Hunter Times building houses machinery from newspaper printing history that includes a strip casting machine, hand-operated press, flatbed press, and linotype machine. The Hunter Times was originally published in Hunter, ND and ran until the 1940’s. The first paper printed in Hunter in the 1890’s was known as the The Eye. and then in the 1920’s, the paper was known as The Hunter Herald. The building burned in the 1930’s and was rebuilt and renamed as The Hunter Times. The Kathryn Depot/Spud Valley Railroad Club is a building that houses the Spud Valley Model Railroad Club which operates a model railroad inside. The Thue-Brink Store is a general store from Horace, ND that was built in 1896 by H. H. Thue and his father-in-law C. O. Brink. At the time, it was the largest store in North Dakota. The store supplied flour, salt pork, molasses, nails, lumber, farm machinery, lace and even lingerie. The store also featured a post office that was run by the Thue family for 56 years. This is a two-story building with a basement and warehouse. The second floor was used for school plays, speakers and for living quarters and it was the town’s auditorium until 1937. There was a six-foot candy counter to tempt the children, which included the Thue children. Their father was strict about them taking any candy for themselves and one day H.H. followed one his daughter to the depot where he turned her upside down in front of everybody and shook the candy out of her pockets.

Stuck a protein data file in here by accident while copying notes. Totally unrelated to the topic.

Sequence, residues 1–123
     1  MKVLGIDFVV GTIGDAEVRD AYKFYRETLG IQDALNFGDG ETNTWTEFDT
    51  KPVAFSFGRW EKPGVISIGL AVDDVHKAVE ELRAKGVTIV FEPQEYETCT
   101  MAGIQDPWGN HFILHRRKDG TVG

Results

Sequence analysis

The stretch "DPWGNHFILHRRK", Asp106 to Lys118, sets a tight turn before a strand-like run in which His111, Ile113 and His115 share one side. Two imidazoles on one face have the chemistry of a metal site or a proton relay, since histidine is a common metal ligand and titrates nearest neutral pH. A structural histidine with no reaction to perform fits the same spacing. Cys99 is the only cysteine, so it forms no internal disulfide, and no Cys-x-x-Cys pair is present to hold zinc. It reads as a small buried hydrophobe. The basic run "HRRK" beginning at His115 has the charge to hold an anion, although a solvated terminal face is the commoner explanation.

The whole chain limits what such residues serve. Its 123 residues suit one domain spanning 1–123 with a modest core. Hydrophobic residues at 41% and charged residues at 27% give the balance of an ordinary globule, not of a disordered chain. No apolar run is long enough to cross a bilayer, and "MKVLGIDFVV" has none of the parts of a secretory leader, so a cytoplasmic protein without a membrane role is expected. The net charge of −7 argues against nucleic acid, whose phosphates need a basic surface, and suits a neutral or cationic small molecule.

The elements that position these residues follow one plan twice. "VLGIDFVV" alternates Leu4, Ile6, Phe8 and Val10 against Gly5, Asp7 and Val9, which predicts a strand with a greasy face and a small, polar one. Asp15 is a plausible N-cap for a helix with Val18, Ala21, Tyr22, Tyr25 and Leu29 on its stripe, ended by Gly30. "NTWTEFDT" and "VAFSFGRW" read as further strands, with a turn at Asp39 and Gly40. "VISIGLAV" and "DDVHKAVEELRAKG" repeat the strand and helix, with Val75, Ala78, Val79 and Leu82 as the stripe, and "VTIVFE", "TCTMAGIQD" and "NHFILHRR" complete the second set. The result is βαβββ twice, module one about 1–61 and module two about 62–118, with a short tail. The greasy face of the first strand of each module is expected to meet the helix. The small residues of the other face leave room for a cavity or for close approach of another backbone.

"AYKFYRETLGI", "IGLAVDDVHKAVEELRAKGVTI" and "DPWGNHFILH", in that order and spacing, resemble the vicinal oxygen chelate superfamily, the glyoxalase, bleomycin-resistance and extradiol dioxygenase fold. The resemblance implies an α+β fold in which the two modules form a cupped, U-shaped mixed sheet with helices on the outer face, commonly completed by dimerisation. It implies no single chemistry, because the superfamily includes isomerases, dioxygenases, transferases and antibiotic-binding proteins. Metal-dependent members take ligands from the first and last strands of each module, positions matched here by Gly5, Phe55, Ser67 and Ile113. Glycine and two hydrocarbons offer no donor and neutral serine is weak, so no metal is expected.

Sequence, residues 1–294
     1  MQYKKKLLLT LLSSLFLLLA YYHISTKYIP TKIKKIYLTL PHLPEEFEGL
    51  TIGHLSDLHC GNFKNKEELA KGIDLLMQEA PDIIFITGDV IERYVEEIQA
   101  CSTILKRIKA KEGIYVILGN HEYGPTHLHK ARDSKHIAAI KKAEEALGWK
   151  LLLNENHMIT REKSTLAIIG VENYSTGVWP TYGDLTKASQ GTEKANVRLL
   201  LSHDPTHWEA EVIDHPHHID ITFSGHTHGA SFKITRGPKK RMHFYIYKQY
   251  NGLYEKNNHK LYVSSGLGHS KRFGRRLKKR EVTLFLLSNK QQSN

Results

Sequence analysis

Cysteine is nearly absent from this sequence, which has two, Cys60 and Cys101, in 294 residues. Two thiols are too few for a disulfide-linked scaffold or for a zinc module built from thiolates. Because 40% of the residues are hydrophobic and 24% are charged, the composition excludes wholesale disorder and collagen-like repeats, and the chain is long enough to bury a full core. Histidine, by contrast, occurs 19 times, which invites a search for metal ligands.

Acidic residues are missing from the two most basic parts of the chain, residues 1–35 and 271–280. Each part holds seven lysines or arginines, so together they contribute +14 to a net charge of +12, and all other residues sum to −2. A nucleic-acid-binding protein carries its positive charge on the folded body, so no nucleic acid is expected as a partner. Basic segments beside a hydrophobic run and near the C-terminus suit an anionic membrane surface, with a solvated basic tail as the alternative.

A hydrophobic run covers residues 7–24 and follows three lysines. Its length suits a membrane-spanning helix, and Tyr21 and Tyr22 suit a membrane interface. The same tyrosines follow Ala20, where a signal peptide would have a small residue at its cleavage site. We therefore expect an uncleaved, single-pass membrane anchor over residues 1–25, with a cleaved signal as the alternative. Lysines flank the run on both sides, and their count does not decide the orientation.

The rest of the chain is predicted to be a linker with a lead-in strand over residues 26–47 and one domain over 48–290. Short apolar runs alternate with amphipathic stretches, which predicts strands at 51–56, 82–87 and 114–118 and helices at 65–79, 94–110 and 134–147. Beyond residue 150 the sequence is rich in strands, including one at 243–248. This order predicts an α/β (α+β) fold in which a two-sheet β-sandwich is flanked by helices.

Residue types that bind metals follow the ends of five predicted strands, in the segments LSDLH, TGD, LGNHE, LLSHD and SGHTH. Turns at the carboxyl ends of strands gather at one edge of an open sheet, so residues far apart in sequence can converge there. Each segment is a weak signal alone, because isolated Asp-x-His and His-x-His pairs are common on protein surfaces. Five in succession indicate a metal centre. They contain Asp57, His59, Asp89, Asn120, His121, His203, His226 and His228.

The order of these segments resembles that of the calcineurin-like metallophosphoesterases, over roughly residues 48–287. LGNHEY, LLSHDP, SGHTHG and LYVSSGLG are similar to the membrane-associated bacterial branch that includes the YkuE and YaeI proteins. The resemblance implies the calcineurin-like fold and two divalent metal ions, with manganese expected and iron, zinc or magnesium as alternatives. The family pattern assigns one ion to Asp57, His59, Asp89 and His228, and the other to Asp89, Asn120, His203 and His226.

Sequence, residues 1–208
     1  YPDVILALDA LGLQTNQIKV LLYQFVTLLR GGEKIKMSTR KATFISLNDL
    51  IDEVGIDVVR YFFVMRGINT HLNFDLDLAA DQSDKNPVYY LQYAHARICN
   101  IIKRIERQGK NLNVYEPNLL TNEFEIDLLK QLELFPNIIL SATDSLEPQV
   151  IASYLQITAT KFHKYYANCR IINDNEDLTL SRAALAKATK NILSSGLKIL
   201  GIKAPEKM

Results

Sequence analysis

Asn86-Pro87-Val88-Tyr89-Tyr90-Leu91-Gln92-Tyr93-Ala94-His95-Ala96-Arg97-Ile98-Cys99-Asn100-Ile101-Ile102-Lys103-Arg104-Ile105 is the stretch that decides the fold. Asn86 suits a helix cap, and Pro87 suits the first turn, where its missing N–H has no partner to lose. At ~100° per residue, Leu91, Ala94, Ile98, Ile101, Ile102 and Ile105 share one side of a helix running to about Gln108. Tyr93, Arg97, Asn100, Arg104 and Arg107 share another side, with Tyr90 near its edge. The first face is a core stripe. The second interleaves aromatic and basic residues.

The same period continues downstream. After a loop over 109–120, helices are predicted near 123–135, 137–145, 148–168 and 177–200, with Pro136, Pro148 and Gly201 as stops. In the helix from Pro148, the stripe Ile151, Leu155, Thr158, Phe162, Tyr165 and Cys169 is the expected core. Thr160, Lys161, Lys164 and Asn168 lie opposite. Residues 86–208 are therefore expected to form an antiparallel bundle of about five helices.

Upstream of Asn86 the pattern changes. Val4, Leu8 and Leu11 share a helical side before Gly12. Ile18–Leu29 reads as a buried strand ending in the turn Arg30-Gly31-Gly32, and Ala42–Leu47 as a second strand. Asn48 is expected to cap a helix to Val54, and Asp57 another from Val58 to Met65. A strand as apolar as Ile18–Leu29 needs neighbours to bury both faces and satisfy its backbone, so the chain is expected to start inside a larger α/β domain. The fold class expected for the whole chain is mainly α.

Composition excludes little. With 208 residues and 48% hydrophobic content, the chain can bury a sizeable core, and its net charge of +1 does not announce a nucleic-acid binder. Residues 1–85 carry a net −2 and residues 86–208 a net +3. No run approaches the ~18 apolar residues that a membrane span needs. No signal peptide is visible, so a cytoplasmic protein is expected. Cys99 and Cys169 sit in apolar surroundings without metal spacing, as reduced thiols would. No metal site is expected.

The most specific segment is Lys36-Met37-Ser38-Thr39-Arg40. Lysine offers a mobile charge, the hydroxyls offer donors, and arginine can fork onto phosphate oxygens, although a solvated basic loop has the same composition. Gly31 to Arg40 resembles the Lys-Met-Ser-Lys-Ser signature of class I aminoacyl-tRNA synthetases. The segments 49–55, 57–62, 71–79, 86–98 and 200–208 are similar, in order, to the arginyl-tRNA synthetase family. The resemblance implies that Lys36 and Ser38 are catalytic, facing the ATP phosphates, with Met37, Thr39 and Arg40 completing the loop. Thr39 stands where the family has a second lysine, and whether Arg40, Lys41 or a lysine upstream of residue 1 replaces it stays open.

The Trangsrud Elevator was originally built as a granary in the early 1900’s near Kindred, ND by Amund Trangsrud and his son, Henry. Amund Trangsrud's house is also here and this was constructed between the late 1860's and 1871. The family lived there for seven years until and they moved into a bigger home. The smaller house then became a bunkhouse for hired men during the summer and eventually was used for storage. Amund's grandson restored the house and gave it to Bonanzaville in 2009. The U-R Next Barber Shop was built in 1900 and was located near Buffalo, ND. The objects and furnishings inside are original to the shop. The Wheatland Town Hall and Jail was built in 1905 for Wheatland Township, ND. The building housed two constables, a justice of the peace, and lawbreakers. There are two cells that featured a cot, a chair and a blanket. The hall also has its original safe with a hole blown in its side.